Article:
from The Century Dictionary and Cyclopedia

  • n. The side of an animal (now only of a hog) salted and cured: chiefly used in the phrase a flitch of bacon.
  • n. A steak from the side of a halibut, smoked or ready for smoking.
  • n. In carpentry, a plank or slab; especially, one of several planks fastened side by side to form a compound beam.
  • n. A strap; a doubling-plate; a fishing-bar; a metal or wooden plate bolted to a beam or girder at a joint or other weak spot, to strengthen it and keep it straight when exposed to endwise thrust.


  • Bacon and eggs would content me, but I wanted the better part of a flitch of bacon and half a hundred eggs.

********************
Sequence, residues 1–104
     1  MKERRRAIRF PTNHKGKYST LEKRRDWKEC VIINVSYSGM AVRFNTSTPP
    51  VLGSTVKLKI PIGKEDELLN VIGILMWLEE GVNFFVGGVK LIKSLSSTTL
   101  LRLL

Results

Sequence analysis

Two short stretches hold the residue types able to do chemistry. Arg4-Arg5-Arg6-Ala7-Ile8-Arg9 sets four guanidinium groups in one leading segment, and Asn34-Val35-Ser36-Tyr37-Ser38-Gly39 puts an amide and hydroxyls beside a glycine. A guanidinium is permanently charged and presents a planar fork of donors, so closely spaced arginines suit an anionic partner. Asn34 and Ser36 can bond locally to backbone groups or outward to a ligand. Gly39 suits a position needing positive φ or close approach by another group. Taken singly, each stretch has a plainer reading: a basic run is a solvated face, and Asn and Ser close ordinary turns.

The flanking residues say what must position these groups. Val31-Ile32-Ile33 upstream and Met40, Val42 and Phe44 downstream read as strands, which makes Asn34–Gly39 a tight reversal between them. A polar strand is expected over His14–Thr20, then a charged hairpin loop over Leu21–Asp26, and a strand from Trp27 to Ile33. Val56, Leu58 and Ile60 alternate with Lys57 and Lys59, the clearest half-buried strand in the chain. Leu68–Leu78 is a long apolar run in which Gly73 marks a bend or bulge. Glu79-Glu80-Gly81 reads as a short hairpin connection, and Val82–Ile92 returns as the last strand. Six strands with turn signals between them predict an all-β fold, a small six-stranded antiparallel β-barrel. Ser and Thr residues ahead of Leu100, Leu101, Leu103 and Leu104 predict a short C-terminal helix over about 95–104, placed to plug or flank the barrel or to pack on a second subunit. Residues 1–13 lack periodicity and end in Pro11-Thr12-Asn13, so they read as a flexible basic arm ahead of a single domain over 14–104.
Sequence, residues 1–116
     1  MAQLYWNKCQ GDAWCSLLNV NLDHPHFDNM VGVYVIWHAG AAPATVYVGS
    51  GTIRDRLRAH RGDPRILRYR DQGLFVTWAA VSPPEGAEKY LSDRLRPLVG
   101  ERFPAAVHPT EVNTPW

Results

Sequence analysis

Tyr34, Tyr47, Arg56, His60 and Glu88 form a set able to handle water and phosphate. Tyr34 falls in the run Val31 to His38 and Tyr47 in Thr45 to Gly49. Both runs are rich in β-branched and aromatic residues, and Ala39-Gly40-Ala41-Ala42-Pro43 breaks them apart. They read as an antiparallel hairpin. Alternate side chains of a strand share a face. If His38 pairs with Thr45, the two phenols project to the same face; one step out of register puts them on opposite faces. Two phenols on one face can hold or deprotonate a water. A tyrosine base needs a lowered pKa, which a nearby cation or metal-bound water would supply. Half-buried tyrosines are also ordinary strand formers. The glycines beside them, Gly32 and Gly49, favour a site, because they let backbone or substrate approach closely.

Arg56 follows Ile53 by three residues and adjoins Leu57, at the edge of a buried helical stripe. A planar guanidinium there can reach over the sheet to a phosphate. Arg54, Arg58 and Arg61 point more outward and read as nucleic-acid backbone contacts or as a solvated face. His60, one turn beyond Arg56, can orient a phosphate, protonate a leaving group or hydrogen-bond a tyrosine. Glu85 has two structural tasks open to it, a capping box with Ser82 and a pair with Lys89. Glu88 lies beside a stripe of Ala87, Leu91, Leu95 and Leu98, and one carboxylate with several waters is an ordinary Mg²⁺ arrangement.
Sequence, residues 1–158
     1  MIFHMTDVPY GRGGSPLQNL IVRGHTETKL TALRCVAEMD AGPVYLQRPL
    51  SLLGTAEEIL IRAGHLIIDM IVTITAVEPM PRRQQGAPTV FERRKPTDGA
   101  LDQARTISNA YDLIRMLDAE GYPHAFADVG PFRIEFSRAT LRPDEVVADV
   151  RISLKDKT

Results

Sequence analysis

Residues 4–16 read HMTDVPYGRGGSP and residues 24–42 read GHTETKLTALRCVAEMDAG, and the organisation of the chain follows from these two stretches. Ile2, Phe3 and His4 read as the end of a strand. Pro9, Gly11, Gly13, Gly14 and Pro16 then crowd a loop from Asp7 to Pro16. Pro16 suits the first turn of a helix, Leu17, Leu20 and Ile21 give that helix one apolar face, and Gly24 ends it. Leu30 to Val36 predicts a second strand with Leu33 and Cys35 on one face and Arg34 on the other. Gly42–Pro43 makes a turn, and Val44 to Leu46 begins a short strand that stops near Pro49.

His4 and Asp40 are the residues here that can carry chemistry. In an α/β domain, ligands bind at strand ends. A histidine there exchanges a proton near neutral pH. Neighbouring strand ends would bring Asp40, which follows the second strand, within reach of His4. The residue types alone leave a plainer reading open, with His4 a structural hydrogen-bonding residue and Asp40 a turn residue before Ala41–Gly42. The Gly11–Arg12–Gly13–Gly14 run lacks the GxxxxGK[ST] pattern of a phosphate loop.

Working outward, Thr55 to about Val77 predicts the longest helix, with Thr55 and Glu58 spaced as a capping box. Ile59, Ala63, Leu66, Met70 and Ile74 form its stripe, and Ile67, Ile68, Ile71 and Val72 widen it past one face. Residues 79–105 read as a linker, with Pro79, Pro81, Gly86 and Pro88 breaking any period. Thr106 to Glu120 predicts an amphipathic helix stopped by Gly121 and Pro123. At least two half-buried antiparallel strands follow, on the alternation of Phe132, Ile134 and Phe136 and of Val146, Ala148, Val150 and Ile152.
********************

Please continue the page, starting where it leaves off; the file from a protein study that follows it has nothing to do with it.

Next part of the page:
The Thirty-Nine Steps, by John Buchan

  • Nor let the supposition of matrimonial differences frighten you: honey-moon lasts not now-a-days above a fortnight; and Dunmow flitch, as I have been informed, was never claimed; though some say once it was.

    Clarissa Harlowe, by Samuel Richardson

  • Nuts for the nerves, a flitch for the flue and for to rejoice the chambers of the heart the spirits of the spice isles, curry and cinnamon, chutney and cloves.

    Finnegans Wake, by James Joyce


This word ultimately comes from the Middle Low German ‘vlicke,’ piece of flesh. According to the Online Etymology Dictionary, ‘a flitch was presented every year at Dunmow,’ a town in England, ‘to any married couple who could prove they had lived together without quarreling for a year and a day, a custom mentioned as far back as mid-14c.’